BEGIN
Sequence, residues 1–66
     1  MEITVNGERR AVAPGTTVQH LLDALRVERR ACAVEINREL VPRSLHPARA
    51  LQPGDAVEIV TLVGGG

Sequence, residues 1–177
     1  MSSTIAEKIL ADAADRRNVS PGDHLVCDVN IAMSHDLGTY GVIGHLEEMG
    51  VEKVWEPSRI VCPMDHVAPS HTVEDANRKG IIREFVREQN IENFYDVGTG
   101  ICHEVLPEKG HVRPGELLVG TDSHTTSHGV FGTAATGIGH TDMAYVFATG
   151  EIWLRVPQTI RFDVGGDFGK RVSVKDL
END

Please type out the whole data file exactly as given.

Sequence, residues 1–66
     1  MEITVNGERR AVAPGTTVQH LLDALRVERR ACAVEINREL VPRSLHPARA
    51  LQPGDAVEIV TLVGGG

Sequence, residues 1–177
     1  MSSTIAEKIL ADAADRRNVS PGDHLVCDVN IAMSHDLGTY GVIGHLEEMG
    51  VEKVWEPSRI VCPMDHVAPS HTVEDANRKG IIREFVREQN IENFYDVGTG
   101  ICHEVLPEKG HVRPGELLVG TDSHTTSHGV FGTAATGIGH TDMAYVFATG
   151  EIWLRVPQTI RFDVGGDFGK RVSVKDL